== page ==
Túrin basked in the praise, proud and honored that such a noble creature would recognize his bravery.

“Go to thy kin, if thou canst,” Glaurung continued. Túrin must take this chance or everyone would scorn his choice. If he chose to save Finduilas he would never see his family again, and they would curse him.

Túrin tried to nod again. Of course he wouldn’t run after an elf-maid when Morwen and Niënor were in such great need! 

Then he felt his limbs loosen and he could move. The instant he was freed, he turned north and started to run. Down the hill and out on the scorched plain he went, and in beat with his footsteps echoed the dragon’s words: Go to thy kin. Go to thy kin. Go to thy kin.

oOo

Túrin was running. His feet hurt, and his legs, and his lungs. Nearly everything hurt. But where was he? Then he recognized a peculiarly shaped hillock despite its black, burned state, and knew that he had come to the northern part of the Guarded Plain. He could not remember how he got there, but it didn’t matter. He was on the right track, headed straight towards Dor-lómin, and that was the only important thing.

Looking around, he remembered happier days when he had chased orcs here. With the Outlaws – and Beleg.

As usual, the name gave rise to a spear of pain and a gush of guilt, but he repressed them with some effort, and turned his mind back to his task. Go to thy kin. Go to thy kin. He could still hear Glaurung’s deep, resonant voice in his head. 

Yes, yes, he wanted to reply. I’m on my way. 

He heard other voices too; his dying friend Gwindor’s gurgling sigh, and Finduilas’ desperate plea, both telling him to rescue her. Save Finduilas. But he couldn’t linger, not when his mother and sister were in such danger.

Even now, orcs might be burning down the estate where Túrin grew up; the proud house his grandfather had once erected when he became the first Lord of Dor-Lómin, and the fertile farmlands surrounding it. The mental images made Túrin seethe with helpless frustration.

After ruining Túrin’s birthright, the orcs would drive his mother and sister away and give them to the Easterlings; a rough and cruel race of men who were in liaison with Morgoth, and who had received Túrin’s homeland as spoils of war. By now, the Easterlings had probably made thralls of almost everyone in Dor-lómin.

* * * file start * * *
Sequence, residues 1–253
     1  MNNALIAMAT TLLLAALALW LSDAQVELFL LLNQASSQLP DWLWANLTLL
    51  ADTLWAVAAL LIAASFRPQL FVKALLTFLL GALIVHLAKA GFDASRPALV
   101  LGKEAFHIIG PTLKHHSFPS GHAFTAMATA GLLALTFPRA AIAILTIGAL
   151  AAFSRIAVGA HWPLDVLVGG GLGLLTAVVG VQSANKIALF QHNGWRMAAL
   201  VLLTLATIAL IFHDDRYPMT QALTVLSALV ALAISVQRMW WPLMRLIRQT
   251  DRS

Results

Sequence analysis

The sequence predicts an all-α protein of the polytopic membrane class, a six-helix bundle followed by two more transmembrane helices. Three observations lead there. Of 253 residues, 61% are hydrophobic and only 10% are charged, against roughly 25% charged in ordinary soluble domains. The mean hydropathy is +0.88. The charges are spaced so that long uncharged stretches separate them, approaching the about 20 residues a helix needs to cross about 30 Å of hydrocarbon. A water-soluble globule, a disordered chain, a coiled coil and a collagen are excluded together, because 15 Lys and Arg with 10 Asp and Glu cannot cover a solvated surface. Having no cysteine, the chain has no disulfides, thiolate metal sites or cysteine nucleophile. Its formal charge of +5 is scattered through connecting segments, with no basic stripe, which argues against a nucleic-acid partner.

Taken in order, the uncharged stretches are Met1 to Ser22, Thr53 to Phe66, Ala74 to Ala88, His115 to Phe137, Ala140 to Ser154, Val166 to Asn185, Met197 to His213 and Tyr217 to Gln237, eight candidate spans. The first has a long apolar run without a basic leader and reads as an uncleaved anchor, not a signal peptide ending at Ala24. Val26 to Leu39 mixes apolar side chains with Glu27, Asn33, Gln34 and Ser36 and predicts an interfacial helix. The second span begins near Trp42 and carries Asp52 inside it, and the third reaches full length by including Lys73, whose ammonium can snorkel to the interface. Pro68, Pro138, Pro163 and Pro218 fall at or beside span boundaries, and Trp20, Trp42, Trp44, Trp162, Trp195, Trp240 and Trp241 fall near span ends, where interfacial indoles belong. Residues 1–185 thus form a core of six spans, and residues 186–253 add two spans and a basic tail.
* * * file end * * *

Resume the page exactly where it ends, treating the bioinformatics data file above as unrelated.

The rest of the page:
Thralls. The very word sent shivers through his tired body. Even as a small child he had known what that implied, after having pried the information out of Sador Hopafoot, a crippled servant who had been his only friend back then. Being a thrall meant hard work under an even harder master, who would drive you to exhaustion with his cruel whip. This was the danger Túrin had fled, the future his mother had tried to save him from by sending him to the elves in Doriath. But she had stayed behind, too heavy with child to make the dangerous journey, and so she had doomed herself and the then unborn Niënor to another plight. For, as Túrin had also known since childhood, the most attractive women would serve the Easterlings in another way. As wives. 

Morwen was beyond beautiful, and he didn’t doubt his sister Niënor was too. In his family they were all handsome. Had not the elves said he looked like one of them? Yes, Niënor would be beautiful, and still young. The Easterling men would fight over her.

He knew what happened in the marital bed, despite being brought up by the elves who never mentioned such matters. When he escaped Doriath to be with the Outlaws many years ago, those men had talked all the more of it. Before he joined them they often took farmer girls to pleasure themselves with, which was one of the reasons they had had such a bad reputation back then. According to the Outlaws the girls enjoyed it, but Túrin highly doubted that. Maybe if they were willing – but neither his mother, nor his sister would ever voluntarily wed an Easterling, that much was certain. 

The mere thought of an Easterling bedding Túrin’s mother by force made his blood boil, and a rage so strong he couldn’t think clearly filled him. Together with Glaurung’s voice it spurred him on.

Go to thy kin. Go to thy kin. Go to thy kin. 

He had made his choice, the only one he could make. Finduilas would have to save herself.